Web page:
Ore deposits readily recognized in the faulted and folded limestone deposits of this district remained unworked until 1856, when the Mormons developed a single lead mine at Potosi—probably the oldest lode mine in Nevada.
Named for . . . — Map (db m39471) HM
George Fayle moved to southern Nevada from Calico, California in 1904. He settled at Goodsprings Junction, which was later renamed for his wife Jean. In 1912, he moved to Goodsprings. He built the Pioneer Saloon in 1913, later building the Fayle . . . — Map (db m39472) HM
Seeking Pay Dirt
In 1908, mining engineer Robert T. Hill staked a claim in Railroad Pass hoping to find gold deposits as rich as those in Goldfield to the north and Searchlight to the south. Hill reasoned that gold could surely be found at . . . — Map (db m46738) HM
The name, "Arrowhead Trail" likely originated from the former San Pedro, Los Angeles, and Salt Lake Railroad's logo, an arrowhead. Prior to 1850, New Mexican trading caravans from Santa Fe en route to Los Angeles used this segment of the Old Spanish . . . — Map (db m69448) HM
On January 8, 1830, the first pack train to pass from Santa Fe, New Mexico to Los Angles crossed Las Vegas Valley. Antonio Armijo, a merchant in Santa Fe, commanded the train and roughly sixty men. The successful completion of the journey opened a . . . — Map (db m29247) HM
Commissioner, Bureau of Reclamation, Department of the Interior, 1924-1936 whose life-time work culminated in construction of the Boulder Canyon project creating Lake Mead, named in his honor. — Map (db m1313) HM
The man depicted on this monument is performing one of the most dangerous yet essential jobs in the construction of the (Boulder) Hoover Dam. Sitting in a bosun’s chair, hundreds of feet in the air, his job was to set charges and clear the loose . . . — Map (db m24317) HM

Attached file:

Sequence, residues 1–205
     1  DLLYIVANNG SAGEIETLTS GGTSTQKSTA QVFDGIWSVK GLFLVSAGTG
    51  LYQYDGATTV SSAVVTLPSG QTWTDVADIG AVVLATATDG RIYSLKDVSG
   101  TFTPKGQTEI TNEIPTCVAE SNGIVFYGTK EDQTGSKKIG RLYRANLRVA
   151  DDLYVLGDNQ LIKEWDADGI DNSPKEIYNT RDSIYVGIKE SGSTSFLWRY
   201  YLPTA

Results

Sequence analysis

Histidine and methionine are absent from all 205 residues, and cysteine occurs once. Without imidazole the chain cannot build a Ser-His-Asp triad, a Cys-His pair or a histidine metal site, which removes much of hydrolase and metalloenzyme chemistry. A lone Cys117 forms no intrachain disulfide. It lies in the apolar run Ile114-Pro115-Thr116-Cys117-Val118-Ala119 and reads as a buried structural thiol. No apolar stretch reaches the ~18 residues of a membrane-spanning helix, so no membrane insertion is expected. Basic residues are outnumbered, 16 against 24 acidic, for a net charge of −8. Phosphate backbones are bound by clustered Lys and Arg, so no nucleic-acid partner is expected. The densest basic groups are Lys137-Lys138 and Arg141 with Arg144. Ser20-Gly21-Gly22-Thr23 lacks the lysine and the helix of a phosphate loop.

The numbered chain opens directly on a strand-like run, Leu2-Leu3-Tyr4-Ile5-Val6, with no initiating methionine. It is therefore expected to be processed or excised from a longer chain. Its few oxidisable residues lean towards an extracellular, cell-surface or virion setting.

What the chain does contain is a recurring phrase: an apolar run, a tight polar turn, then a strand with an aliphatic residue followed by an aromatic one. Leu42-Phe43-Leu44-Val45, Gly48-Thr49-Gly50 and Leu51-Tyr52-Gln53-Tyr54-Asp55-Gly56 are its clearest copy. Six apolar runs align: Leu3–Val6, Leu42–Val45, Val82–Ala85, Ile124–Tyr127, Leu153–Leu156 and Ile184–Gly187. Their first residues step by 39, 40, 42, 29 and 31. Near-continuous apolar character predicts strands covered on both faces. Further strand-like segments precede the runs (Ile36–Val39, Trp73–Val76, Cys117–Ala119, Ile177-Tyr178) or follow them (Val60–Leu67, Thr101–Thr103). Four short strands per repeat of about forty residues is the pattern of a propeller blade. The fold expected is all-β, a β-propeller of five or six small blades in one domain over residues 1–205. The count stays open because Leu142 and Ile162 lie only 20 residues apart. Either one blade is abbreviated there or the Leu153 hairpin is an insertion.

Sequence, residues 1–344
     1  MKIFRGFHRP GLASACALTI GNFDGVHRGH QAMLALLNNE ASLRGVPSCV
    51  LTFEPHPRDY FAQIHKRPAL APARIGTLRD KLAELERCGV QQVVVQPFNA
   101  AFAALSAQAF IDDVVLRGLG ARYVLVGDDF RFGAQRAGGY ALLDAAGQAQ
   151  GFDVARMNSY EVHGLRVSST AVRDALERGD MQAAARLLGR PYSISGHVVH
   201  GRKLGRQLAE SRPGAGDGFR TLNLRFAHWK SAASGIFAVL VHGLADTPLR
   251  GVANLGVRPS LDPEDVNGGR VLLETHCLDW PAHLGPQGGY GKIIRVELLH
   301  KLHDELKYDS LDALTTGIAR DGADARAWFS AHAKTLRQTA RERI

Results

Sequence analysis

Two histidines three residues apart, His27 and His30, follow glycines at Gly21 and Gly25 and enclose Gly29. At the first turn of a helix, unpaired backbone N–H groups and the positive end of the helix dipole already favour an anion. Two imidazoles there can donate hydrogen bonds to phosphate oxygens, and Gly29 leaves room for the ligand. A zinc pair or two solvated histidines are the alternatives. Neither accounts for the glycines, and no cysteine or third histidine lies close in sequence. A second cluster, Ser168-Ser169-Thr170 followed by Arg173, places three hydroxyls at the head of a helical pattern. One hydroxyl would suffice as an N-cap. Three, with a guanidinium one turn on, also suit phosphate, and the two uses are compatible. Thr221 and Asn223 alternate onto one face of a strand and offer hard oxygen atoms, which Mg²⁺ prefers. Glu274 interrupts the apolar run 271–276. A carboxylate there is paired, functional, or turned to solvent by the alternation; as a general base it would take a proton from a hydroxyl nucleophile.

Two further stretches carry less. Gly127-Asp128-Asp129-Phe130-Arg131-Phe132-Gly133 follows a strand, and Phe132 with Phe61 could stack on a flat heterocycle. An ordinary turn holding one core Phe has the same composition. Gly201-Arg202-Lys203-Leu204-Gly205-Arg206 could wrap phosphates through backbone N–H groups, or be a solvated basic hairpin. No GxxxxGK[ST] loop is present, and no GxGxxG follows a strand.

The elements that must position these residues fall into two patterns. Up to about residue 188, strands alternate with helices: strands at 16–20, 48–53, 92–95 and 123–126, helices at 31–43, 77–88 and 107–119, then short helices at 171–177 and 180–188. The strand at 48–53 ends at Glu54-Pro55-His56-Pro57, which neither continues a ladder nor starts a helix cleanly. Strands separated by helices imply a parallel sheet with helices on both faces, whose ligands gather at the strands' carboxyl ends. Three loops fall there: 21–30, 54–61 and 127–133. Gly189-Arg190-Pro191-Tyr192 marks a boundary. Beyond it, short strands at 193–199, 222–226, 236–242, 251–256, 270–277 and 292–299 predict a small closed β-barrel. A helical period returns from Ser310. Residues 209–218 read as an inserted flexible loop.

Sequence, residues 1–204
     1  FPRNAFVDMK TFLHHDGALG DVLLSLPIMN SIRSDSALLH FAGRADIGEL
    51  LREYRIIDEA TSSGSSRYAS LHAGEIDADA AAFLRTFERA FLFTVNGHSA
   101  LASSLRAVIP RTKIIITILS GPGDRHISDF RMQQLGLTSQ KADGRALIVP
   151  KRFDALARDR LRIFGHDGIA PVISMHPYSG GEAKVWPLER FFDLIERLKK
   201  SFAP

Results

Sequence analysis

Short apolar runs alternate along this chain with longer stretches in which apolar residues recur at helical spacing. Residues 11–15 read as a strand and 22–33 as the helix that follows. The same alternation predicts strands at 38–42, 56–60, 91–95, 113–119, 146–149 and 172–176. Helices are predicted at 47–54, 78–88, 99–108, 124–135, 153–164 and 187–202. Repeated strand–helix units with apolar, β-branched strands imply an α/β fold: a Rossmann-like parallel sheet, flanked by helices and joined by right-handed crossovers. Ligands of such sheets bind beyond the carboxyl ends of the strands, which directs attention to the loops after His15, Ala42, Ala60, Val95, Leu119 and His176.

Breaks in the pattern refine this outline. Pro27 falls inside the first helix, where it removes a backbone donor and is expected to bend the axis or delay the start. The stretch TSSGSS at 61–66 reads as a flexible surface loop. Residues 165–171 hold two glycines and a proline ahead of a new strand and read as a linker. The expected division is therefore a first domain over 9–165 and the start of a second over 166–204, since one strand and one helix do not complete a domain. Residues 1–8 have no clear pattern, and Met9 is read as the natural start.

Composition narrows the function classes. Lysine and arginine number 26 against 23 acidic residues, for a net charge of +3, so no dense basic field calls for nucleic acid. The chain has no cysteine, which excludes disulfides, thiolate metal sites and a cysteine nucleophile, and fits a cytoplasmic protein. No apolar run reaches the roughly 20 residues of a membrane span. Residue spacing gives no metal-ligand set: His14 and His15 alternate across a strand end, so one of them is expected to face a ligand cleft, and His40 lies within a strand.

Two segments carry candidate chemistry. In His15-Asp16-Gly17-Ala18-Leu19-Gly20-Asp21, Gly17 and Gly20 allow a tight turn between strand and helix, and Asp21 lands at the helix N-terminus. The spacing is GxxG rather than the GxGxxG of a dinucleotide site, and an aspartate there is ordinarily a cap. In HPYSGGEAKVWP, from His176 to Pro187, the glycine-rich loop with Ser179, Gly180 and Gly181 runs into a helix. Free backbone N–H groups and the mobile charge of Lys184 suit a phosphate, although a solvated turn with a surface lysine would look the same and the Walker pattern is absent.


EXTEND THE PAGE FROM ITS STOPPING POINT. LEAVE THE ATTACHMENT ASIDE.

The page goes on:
The United States of America will continue to remember that many who toiled here found their final rest while engaged in the building of this dam.
The United States of America will continue to remember the services of all who labored to clothe . . . — Map (db m1311) HM
Founded in 1904 as Goodsprings Junction, a station on the San Pedro, Los Angles, and Salt Lake Railroad, Jean received its current name in 1905 when the post office was opened. It was named in honor of Jean Fayle, the wife of George Fayle who had . . . — Map (db m39464) HM
According to the early history of Elko, Nevada, this curfew and fire bell played a vital role for local citizenry. It often rang to signal disastrous fires, deaths of celebrities, and celebrations.
Harbinger of both good tidings and bad, the . . . — Map (db m39466) HM
This site is near where workers drove the last spike which completed the railroad between Salt Lake City, Utah, and Los Angeles, California. It was driven on January 30, 1905. This was the last "transcontinental" line to Southern California and one . . . — Map (db m29367) HM
Aladdin's Lamp was originally installed in 1966 at the Aladdin Hotel, 3667 Las Vegas Boulevard South.
Restored through a generous donation from Richard Schuetz and presented as a gift, with love, to Mayor Jan Laverty Jones and her children: . . . — Map (db m64033) HM
On May 15, 1905, in this area, The City of Las Vegas was founded with the auction of lots in Clark's Las Vegas Townsite by San Pedro, Los Angeles & Salt Lake Railroad and Las Vegas Land & Water Company, predecessors of Union Pacific Railroad and . . . — Map (db m47732) HM
This is a two sided marker
At this site on May 15th 1905, the San Pedro, Los Angeles & Salt Lake Railroad auctioned off lots for the creation of the new city of Las Vegas. With 110 degree temperatures scorching . . . — Map (db m47736) HM
This WWII neighborhood was named for the Nevada Biltmore Hotel which opened nearby in 1942. A WWII housing shortage called for the construction of several hundred homes for military personnel and their families. The federal government approved the . . . — Map (db m51057) HM
Colorful Horseshoe Club owner Benny Binion and his family lived here from 1947 to 1989.
Originally built in 1942 by service station owner C.A. Morehouse, the home was one of the largest in Las Vegas with three bedrooms, several baths, a large . . . — Map (db m51045) HM
The notorious Block 16, North First Street between Ogden and Stewart Avenues, was the only area in the Las Vegas Townsite, outside of hotels, where liquor could be sold, starting in 1905. The block quickly changed from its original liquor and . . . — Map (db m47859) HM
The Chief Hotel Court sign was originally installed around 1940 at the hotel located at 1201 E. Fremont Street. Hotel architect was A. Lacey Worshwick.
Loaned and refurbished by the Tiberti Family.
Installed as part of the Neon Museum on . . . — Map (db m64031) HM